Friday, October 9, 2009
Capitalism: A Love Story
By Elise Nakhnikian
One of the best parts of Capitalism: A Love Story is the footage shot in a Chicago factory whose laid-off workers occupied it for several days last December. The workers filed out obediently when they were let go but then returned, barricading themselves inside to demand the vacation and severance pay that had been denied them.
Capitalism writer/director Michael Moore’s camera was the only one allowed inside the building, and it captures some inspirational moments as downtrodden workers stand up for themselves. We also hear from a quietly charismatic union organizer, who says the workers are starting to consider options – like running the plant themselves – that they never would have thought of before. There’s no telling where this new thinking will lead, she says, but questioning the status quo is a huge step in the right direction.
I think Moore wants this movie to spur audiences to take that same step. Capitalism is peppered with calls to the vast majority of Americans, urging us to rise up against the wealthiest 1% or so -- along with laments about how slow we are to wake up. Can't we see how the moneyed elite controls not just nearly all of our wealth but also the legislative and regulatory checks and balances that are supposed to keep the robber barons from stripping the rest of us down to our skivvies? Like Howard Beale, the mad prophet of Network, Moore wants us all to declare that we’re mad as hell and we’re not going to take it any more.
Moore doesn’t have any more ideas than Beale did about just what we should do, once we've awoken from our capitalism-induced coma. That doesn’t seem to bother him, though. Maybe he trusts us to figure it out.
As we all know, Moore has pretty much single-handedly invented an engaging form of cinema. I think of his movies as pop docs, with the "pop" standing for populist as well as popular.
Moore frames his pop docs as a personal quest to figure out something that’s been bugging him. That can seem annoyingly self-aggrandizing at times -- he puts more of himself in this one than he does of several subjects I wanted to hear more from -- but it's an effective way of hooking us in, eliciting some kind of emotion even if it's just irritation. And he always starts out with a good question. Bowling for Columbine wants to know what’s with all the guns in America. Sicko asks why we can’t we have a decent health care system, when so many other countries manage to. Roger and Me wonders how corporate executives can sleep at night when they make millions of dollars by laying off thousands of people. And Capitalism wants to know what it will take for America's poor and middle class majority to throw off an economic system that drives thousands more into desperate instability every day.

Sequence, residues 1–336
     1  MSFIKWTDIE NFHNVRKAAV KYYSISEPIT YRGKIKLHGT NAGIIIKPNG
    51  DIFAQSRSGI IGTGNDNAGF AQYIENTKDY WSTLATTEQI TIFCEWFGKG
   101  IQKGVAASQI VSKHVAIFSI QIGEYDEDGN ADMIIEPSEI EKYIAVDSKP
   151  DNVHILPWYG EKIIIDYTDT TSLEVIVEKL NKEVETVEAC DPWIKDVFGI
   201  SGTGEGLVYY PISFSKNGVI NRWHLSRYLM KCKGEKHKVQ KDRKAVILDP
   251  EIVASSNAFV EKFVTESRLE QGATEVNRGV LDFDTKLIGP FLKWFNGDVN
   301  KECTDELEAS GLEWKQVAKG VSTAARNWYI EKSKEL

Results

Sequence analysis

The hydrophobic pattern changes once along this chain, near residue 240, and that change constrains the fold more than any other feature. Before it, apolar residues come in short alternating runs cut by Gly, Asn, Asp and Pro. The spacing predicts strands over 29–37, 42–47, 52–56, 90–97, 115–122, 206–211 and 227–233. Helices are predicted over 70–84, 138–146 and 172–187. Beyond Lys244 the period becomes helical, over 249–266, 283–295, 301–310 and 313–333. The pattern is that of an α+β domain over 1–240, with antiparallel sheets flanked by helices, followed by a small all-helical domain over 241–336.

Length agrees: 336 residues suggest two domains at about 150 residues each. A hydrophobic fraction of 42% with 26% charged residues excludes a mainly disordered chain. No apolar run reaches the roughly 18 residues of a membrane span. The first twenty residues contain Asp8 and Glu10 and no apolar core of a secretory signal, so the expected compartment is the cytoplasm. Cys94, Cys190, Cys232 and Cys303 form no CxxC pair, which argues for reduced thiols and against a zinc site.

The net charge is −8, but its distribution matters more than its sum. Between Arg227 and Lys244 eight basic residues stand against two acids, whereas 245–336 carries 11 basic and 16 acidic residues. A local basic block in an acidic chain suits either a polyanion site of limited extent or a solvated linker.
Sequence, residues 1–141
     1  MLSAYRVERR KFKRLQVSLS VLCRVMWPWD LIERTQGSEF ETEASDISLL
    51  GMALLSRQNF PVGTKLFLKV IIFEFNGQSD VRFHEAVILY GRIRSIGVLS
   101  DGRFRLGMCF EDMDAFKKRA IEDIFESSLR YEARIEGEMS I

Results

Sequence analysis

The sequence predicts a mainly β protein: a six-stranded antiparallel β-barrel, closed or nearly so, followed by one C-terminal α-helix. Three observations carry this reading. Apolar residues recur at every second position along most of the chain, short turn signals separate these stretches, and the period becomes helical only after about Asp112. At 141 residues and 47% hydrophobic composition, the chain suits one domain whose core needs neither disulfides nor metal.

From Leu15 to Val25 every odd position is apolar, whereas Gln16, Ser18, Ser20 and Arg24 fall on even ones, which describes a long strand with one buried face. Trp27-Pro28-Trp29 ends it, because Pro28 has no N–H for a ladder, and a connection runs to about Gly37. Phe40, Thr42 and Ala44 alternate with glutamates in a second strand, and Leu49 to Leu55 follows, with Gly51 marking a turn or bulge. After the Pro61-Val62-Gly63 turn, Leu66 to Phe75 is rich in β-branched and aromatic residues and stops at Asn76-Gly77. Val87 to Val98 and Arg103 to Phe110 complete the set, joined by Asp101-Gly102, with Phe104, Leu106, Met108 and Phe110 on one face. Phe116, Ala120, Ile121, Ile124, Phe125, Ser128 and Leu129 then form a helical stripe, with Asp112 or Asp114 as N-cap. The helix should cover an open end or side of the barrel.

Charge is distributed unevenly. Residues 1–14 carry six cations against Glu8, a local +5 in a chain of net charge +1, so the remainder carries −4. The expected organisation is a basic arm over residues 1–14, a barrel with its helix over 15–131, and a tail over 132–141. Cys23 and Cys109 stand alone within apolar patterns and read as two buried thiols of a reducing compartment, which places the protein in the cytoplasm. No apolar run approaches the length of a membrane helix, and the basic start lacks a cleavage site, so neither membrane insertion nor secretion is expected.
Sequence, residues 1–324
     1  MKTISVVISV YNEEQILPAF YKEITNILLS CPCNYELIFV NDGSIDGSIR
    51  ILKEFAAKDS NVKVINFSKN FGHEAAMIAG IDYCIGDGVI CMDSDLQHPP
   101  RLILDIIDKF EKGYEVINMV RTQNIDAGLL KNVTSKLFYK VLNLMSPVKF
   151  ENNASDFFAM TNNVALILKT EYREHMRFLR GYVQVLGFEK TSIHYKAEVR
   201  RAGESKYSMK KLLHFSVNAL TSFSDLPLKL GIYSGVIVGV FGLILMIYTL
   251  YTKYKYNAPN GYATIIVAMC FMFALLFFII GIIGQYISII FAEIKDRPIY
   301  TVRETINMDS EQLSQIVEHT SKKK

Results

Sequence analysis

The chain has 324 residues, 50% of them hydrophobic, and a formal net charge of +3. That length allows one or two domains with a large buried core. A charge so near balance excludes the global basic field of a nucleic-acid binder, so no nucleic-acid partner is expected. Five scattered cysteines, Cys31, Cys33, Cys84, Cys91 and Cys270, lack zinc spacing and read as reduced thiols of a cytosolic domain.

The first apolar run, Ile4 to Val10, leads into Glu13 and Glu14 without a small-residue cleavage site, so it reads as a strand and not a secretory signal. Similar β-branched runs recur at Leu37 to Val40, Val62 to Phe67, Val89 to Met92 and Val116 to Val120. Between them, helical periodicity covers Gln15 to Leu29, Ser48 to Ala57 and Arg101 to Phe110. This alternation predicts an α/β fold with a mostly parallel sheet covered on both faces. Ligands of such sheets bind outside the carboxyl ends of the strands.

He may not be much on visuals – his films often look like YouTube videos – but Moore is a whiz with words, coming up with metaphors and phrases that memorably characterize or caricature a problem (In Capitalism, he calls Congress’s 2009 bailout of Wall Street “a financial coup d’etat.”) He knows the value of a strong anecdote, too, and he and his researchers always unearth some wrenching real-life stories.
Most of the people featured in Capitalism have lost their homes or their jobs to the recession brought on by the games Wall Street played with other people’s money. Moore outlines the financial shenanigans and dismantling of regulations that led to our economy's near-collapse, but he doesn't go into much depth. His aim is to launch a broad ideological -- and surprisingly religious -- attack on the organizing principles of capitalism, and to show its effects on working-class Americans.
As always, he keeps the energy level high and the laughs coming fast, in part by cramming his movie full of found footage that becomes wryly funny out of context. And he’s got plenty of glib gimmicks to entertain us, like showing up outside AIG with burlap bags “to get the money back for the American people.” But his thesis is so poorly defined that many of these bits, like a segment on the low salaries of regional airline pilots, feel random -- a splattering of BBs rather than a few well-aimed rifle shots.